– You didn’t share your honest view on a topic, even when asked

– You got upset with someone, but didn’t let them know why

– You procrastinated on completing a deliverable primarily because you just didn’t see the value in it

– You praised someone in public, but criticised them in private

– You responded to an exchange with: “Whatever you want is fine, just tell me what you want me to do”, when in actuality, it wasn’t fine with you

If it does, then the truth is that you are probably being passive-aggressive, even if you won’t admit it. And if this is so, then it really is something that you need to work on. More for yourself, than anything else. You see, encouraging and engaging in this behaviour, even if you think you are avoiding conflict by doing so, can be very damaging. It impacts how you feel and the way you act and react, because you are in constant dissonance between what you actually feel and what you show you feel. And if you think about it, you will see the kind of multiplier effect that it is probably having on your teams and colleagues, not to mention projects and delivery.

What then? If you are being passive-aggressive, then here is what you could try doing:

  1. Accept it. Unless you are willing to agree that something is amiss in how you are choosing to respond to conflict, there really can’t be any change. Because you will always have excuses and look for ways to rationalise how you feel. You just have to take accountability here.
  1. Introspect.Why do you think you are reacting in this manner? When and where do you tend to do this? And with who? Think through carefully what happens and why you can’t bring yourself to confront and voice your concerns openly. Once you know where you are coming from, you can try working on this.
  1. What are you hoping to achieve?The reason for your behaviour is likely to be linked to what you think it will result in. Is it that you want to be seen as more agreeable and therefore you won’t be vocal about disagreements? Is it that your concern is with your boss and you don’t want to take here head-on because you’re worried about the consequences? Is it that you honestly believe that a wrong call is being made on a project, but because you don’t think you will get heard out, it is better to be silent and not give it your best? That you hope to take charge when things fall apart? Whatever the answer is – if you can be honest about this, then you can start figuring out if there is another, better and more productive way of arriving at that solution.
  1. Embrace conflict.This is something I have emphasised in my earlier message ( That the more diverse our teams get, the more you will need to become comfortable with having differences in opinion. And to be successful, you will need to find ways to embrace this conflict, engage in more open and constructive dialogues and thereby build a more collaborative culture.
  1. Get feedback.Making a change isn’t easy. It will require you to become much more honest, accepting and intuitive. And this won’t happen overnight, so give yourself enough time. Like with any other process, it is always a good idea to build in interim checks and get regular feedback. Find someone who you trust and can confide in. Use her different as a sounding board for your plans and ask for regular feedback on the progress you are making.

To really be able to build a strong, collaborative company, we need to get much better at managing passive-aggression. This is a big part of how we can start embracing conflict and working together more effectively. And as the leadership team, we need to role model this.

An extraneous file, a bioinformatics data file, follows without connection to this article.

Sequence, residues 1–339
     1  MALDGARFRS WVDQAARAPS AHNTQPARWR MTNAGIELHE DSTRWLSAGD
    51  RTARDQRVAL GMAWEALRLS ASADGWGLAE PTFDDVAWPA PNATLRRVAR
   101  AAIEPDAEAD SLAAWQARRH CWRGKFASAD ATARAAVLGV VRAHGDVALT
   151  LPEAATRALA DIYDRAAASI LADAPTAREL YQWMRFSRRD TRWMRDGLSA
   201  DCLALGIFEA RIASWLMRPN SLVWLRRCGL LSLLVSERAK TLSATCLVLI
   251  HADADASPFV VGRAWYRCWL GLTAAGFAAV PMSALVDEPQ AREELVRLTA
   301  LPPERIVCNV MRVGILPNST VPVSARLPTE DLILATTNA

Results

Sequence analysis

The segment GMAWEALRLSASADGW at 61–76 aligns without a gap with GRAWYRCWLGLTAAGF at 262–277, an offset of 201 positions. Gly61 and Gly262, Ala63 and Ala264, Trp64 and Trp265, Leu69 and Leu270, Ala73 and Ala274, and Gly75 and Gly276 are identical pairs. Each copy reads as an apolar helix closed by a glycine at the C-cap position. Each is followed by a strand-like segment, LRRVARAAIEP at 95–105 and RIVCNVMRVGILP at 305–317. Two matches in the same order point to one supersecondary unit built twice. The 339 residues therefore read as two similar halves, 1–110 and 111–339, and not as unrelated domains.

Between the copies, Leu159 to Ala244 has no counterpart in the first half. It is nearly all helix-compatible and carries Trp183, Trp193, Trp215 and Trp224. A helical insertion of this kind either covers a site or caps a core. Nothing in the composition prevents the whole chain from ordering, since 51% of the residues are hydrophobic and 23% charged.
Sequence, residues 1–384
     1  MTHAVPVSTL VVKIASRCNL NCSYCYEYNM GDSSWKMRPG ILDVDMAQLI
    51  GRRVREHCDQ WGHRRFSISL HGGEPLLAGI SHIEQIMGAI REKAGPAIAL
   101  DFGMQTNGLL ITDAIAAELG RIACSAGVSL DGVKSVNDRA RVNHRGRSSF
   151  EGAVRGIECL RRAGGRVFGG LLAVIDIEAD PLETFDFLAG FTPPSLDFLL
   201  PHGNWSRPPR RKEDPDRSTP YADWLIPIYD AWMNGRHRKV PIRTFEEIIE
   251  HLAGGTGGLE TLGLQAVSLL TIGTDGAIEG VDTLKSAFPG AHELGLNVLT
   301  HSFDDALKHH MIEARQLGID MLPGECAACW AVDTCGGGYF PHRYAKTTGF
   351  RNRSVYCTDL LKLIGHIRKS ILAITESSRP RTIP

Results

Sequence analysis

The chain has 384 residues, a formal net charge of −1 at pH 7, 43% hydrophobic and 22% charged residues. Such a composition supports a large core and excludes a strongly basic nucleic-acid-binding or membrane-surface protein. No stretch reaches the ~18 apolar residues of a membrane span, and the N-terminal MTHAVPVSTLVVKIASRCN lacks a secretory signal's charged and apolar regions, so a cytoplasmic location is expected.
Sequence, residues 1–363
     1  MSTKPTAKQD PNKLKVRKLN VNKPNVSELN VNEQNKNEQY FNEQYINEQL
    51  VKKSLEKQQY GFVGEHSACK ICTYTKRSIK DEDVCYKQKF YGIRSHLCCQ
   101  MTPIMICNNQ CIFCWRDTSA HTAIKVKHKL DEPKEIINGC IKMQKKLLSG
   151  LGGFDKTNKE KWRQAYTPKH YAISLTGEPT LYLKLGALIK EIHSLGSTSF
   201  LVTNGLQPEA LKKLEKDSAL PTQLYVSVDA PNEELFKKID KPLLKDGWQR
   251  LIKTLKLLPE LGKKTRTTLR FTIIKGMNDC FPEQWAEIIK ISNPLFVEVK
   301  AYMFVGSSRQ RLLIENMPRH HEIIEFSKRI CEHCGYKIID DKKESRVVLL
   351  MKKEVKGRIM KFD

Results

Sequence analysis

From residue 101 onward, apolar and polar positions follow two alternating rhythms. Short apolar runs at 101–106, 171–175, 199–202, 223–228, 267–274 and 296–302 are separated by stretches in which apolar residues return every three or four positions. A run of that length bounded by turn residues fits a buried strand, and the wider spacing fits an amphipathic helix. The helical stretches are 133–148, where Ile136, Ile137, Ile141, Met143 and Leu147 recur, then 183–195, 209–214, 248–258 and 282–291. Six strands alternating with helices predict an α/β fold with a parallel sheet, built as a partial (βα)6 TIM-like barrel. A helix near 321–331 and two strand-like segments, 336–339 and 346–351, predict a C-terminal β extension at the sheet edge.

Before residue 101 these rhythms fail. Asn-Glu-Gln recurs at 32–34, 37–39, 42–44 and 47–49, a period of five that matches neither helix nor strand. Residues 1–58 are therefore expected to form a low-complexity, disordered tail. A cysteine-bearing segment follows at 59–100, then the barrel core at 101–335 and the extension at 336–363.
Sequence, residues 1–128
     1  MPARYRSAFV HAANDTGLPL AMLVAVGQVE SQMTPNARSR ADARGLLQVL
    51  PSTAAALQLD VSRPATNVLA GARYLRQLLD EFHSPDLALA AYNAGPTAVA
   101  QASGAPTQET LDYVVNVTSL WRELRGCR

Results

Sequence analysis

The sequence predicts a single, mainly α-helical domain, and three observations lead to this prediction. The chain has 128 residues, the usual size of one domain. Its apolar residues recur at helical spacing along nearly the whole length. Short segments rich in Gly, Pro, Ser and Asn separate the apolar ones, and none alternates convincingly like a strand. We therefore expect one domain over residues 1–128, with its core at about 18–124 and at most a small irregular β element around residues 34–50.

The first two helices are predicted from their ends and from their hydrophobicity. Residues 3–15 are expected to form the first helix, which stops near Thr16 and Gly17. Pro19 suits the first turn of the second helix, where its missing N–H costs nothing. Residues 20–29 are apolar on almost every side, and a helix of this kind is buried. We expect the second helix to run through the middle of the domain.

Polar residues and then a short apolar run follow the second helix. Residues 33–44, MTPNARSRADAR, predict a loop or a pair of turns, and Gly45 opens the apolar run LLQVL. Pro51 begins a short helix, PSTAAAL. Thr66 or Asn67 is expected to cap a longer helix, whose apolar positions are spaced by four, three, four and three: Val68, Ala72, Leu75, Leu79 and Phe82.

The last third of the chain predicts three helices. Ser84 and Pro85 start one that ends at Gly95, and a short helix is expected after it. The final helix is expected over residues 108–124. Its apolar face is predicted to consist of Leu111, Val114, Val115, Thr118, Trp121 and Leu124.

If you have any thoughts on what it is that we can start doing differently to enable this, then do share them with the rest of the team.

I look forward to hearing from you.


  • Tejwansh Singh Bedi says:

    Great read sir, amazing thoughts that we need to embrace. Thanks for sharing such amazing thoughts.

  • Himanshu says:

    Thank you for sharing these insights, the more I read, the more I relate.
    I’d like to add a point, usually the passive aggressive people are a by-product of the team/corporate culture (office clique). If the bosses support these kinds of behaviours, the PAs tend to show more instead of subduing their personality, also it’s especially problematic when the PAs are pets of bosses. In my experience, documentation helps a lot for CYA.

    On a different note, I’d really like to hear your thoughts on office cliques and how to manage them.

    Thank you,

  • Sunita Devrani says:

    Interesting insight.

  • Dr. Manas Sarkar says:

    Very nice article, Vivek. Good guidance to handle such situations/persons. But, sometimes such people do this purposefully and don’t want a closure (that may be their survival strategy). How to handle such a person?

    However, thank you and other senior leaders at Godrej for continuously striving for a good and vibrant culture in Godrej group. I am happy to be a part of this journey in Godrej.

  • alejandro chinni says:

    Very true, Vivek! It is sometimes one of the biggest barriers to building solid teams and cultures.

  • Atish Patil says:

    Hi Sir,

    I am a regular reader of your blog since a few months and like the topics and thoughts you share. To be very frank, so far I believed that being passive-aggressive is only right/acceptable behaviour
    in a corporate environment. This is because there is a fine line between being assertive and being aggressive.

    Someone who is not good at this balance will always agree during meeting on something
    and come back with his final feedback after thinking thoroughly about the decision/topic. This way he avoids being seen as a negative member of team.

    Would like to have your comments to clarify this further. Thank you.

  • K L Rathi says:

    Good Afternoon, Sir. I have seen you at the Philips Ltd AGM in Kolkata. While looking at your profile came to know about this, interesting.